Then it was off to Costa Rica to dive Cocos Island for a completely different shark diving experience with just as high a kick ass factor. Cocos Island is a UNESCO World Heritage Listed Site which means it’s kind of a national park of the world. This designation is given to places of special cultural or natural importance to the common heritage of humanity.
Cocos Island is also known as the island of the sharks and the night dive at Manuelita Island is something special. Here, in a completely natural environment, large numbers of white tip reef sharks get together at night to pack hunt on the reef. Whereas this behavior has been witnessed at other places at Cocos Island, nowhere is it as dramatic as at Isla Manuelita. At Manuelita Coral Gardens, the coral bottom is literally a moving mass of white tip reef sharks – hundreds of them. One of the night dive rules – don’t come within six feet of the bottom – is for the simple reason that if you got too close to the bottom, sharks would probably bump into you; there’s just that many. As the pack gathers in size and a sleeping fish is found, all hell breaks loose and it’s a sudden free for all with a winner-takes-all devouring the unfortunate sleeper. And then the pack streams down the reef with a sense of sudden urgency to find its next unaware prey. It was observing this behavior play out across several dives that I realized white tip reef sharks, at least these ones, were generally lousy hunters. In fact, I wondered how the white tips even survived as I watched a number have fish bump right off their snouts or swim right underneath them and remain unscathed. But every night is all you can catch fish buffet night at Isla Manuelita.
Shark diving at Cocos Island. Nikon 60mm, F5.6, 1/125th, ISO 200
Cocos Island is a live aboard only dive destination as there are no accommodations on this wild island for touristos – only a small ranger station and a lot of amazing waterfalls. The Undersea Hunter group has been running dive trips to Cocos for over a decade and has three boats that do 10 day trips with 7 days of diving: Sea Hunter, Undersea Hunter and Argo.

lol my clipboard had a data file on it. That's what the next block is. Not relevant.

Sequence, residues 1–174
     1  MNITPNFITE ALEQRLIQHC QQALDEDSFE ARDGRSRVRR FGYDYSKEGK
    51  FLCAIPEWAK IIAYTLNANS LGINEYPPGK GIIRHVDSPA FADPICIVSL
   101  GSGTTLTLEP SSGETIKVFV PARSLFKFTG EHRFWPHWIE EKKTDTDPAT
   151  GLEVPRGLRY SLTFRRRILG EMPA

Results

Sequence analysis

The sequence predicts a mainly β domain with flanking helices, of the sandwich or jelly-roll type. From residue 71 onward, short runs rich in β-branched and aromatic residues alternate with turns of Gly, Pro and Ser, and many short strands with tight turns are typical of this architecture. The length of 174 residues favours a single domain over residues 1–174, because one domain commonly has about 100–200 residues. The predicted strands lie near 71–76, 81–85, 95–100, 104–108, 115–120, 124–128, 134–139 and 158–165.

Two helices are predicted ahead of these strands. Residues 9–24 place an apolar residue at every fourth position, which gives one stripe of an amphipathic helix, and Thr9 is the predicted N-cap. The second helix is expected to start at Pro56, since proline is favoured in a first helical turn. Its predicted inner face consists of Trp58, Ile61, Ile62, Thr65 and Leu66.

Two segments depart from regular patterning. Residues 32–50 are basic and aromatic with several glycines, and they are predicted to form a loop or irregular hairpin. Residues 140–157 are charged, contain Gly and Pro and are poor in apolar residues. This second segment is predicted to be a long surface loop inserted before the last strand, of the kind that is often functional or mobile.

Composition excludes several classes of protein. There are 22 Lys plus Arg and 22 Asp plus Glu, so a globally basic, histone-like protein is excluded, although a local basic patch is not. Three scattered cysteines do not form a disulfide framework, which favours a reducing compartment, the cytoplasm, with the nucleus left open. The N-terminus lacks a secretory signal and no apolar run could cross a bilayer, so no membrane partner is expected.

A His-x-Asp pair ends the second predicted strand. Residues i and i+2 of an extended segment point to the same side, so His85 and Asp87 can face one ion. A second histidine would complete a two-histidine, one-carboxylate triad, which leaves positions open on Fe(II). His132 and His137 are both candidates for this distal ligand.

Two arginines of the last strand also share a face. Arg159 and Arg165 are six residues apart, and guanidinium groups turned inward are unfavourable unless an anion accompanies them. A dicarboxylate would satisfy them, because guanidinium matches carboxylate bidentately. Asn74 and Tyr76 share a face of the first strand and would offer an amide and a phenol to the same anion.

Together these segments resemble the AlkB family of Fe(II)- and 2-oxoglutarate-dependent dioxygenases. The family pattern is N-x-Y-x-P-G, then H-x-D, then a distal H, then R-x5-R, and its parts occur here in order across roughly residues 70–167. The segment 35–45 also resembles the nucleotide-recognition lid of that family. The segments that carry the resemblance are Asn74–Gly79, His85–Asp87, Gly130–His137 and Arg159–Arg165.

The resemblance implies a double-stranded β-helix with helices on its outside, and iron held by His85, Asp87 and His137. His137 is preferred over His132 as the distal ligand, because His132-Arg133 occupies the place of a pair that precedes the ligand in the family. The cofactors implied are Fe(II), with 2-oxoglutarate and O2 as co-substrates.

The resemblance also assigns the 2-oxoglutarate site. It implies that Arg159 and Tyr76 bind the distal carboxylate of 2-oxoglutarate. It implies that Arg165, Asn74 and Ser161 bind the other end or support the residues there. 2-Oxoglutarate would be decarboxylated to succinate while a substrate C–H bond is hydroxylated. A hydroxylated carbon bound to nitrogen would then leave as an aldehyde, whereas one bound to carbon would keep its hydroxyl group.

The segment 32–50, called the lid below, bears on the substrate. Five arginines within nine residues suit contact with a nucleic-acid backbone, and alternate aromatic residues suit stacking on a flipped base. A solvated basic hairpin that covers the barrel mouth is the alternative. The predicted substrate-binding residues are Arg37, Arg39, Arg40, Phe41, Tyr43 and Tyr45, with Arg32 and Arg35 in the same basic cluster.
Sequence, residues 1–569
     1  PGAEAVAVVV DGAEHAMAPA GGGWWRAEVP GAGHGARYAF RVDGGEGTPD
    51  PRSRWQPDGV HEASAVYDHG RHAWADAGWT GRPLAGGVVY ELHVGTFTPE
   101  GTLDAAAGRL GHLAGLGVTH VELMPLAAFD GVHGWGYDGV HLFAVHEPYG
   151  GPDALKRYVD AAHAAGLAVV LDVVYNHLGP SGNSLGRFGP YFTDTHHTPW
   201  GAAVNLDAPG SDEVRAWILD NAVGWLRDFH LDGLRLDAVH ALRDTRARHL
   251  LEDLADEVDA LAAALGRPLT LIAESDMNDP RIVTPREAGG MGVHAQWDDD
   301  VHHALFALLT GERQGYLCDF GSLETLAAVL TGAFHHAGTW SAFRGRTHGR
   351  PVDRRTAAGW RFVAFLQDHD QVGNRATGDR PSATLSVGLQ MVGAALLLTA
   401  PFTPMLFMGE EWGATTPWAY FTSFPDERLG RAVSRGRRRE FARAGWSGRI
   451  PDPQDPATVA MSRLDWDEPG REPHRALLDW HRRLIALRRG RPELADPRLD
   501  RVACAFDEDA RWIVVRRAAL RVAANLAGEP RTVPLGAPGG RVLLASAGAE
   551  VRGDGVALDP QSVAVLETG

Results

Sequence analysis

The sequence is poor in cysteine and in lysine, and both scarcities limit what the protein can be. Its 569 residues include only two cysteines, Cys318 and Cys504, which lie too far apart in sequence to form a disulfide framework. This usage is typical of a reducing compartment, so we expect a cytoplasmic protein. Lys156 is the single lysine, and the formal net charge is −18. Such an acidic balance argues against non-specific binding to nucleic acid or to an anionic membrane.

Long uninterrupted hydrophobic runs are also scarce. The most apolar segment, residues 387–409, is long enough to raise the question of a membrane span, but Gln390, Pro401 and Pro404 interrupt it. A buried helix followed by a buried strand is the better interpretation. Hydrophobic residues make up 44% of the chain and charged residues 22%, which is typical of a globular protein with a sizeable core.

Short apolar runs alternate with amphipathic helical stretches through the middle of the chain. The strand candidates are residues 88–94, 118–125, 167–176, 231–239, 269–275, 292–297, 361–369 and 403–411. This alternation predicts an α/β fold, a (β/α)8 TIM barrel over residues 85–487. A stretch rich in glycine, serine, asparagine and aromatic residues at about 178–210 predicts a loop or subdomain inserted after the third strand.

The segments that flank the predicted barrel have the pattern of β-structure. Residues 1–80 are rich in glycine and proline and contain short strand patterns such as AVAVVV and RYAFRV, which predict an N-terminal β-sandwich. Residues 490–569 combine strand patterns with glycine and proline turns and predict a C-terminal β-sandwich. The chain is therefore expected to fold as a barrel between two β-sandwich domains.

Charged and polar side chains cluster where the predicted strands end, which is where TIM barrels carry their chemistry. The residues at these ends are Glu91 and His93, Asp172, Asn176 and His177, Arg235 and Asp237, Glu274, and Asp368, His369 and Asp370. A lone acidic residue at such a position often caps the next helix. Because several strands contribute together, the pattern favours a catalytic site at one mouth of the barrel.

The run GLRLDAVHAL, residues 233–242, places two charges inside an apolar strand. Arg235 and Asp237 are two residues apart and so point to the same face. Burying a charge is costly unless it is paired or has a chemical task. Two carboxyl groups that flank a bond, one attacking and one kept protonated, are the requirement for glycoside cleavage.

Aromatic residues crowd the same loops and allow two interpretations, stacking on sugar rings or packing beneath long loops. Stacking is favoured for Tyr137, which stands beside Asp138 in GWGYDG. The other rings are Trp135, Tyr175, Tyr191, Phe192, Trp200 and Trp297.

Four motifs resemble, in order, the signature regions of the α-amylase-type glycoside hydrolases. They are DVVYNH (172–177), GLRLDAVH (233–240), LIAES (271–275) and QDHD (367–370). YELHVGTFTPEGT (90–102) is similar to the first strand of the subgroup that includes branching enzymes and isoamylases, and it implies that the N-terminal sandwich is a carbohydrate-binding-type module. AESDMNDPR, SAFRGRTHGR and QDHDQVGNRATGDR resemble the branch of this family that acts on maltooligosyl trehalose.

Two awesome shark dives and I was able to produce the imagery to match. Over time, I’ve learned a lot about shooting sharks and continue to learn more each time I dive with them. It’s a never-ending process but here are some thoughts after diving in Fiji and Cocos Island about underwater photography of sharks.
In the open water at Cocos island, looking for sharks. Photo by Enrico Dinca.
Techniques and strategies for underwater shark photography
Take a minute to understand the pattern that the sharks swim during a shark dive. They are animals of habit and especially at feeds will swim a pattern. Position yourself appropriately.
Listen carefully to the pre-dive briefing; you will likely hear important information on both safety and shark behavior.
Pull your head out of your viewfinder. Do this for both safety reasons and so you can observe the action around you and see compositions developing.
Picture in your mind before the dive the image you want to capture. Shark dives are often chaotic and it will help if you start with a plan.
Blast away! Shoot a ton of exposures because a lot of what you can capture during a shark dive, especially from a composition standpoint, is a matter of serendipity. I use a 16GB card so even shooting in RAW, I can be a spendthrift with my # of exposures.
Be ready to shoot at a second’s notice. Some compositions will come and go that quickly.
Dial your strobes down if you can so they recycle faster. I use a pair of Inon Z240s and try to dial them from -1 to -2 if conditions allow me to do that and still get a correct exposure. At that power, they recycle in less than a second so I can get multiple shots at a passing shark.
Shoot with manual power settings on your strobes instead of TTL. Because of the shark’s counter shading and quite often the fact that you are shooting against a darker background, TTL has the tendency to overexpose the white underside of a shark.
On the night dive shark feed, I had to play around with a combination of F-stop, shutter speed, ISO and strobe power to get the effect I wanted. I started with F8, 1/125, ISO 200 with strobes near full but this didn’t give me the eeriness I was going for. The sharks were well illuminated, almost too much so and the background was nearly black. I changed to F5.6, 1/60, ISO 400 instead and dialed my strobes way down. These settings both created an eeriness that I was seeking and also allowed the image to pick up the illumination of the surrounding dive lights (see the photo at the beginning of this article). To me, the dive looked like a writhing mass of sharks on the bottom that was being illuminated by beams coming from UFO’s in a dark sky. I wanted to convey that sense in my imagery.
Other great shark destinations
Be sure to check out shark diving in Cuba, a new top-secret shark diving spot.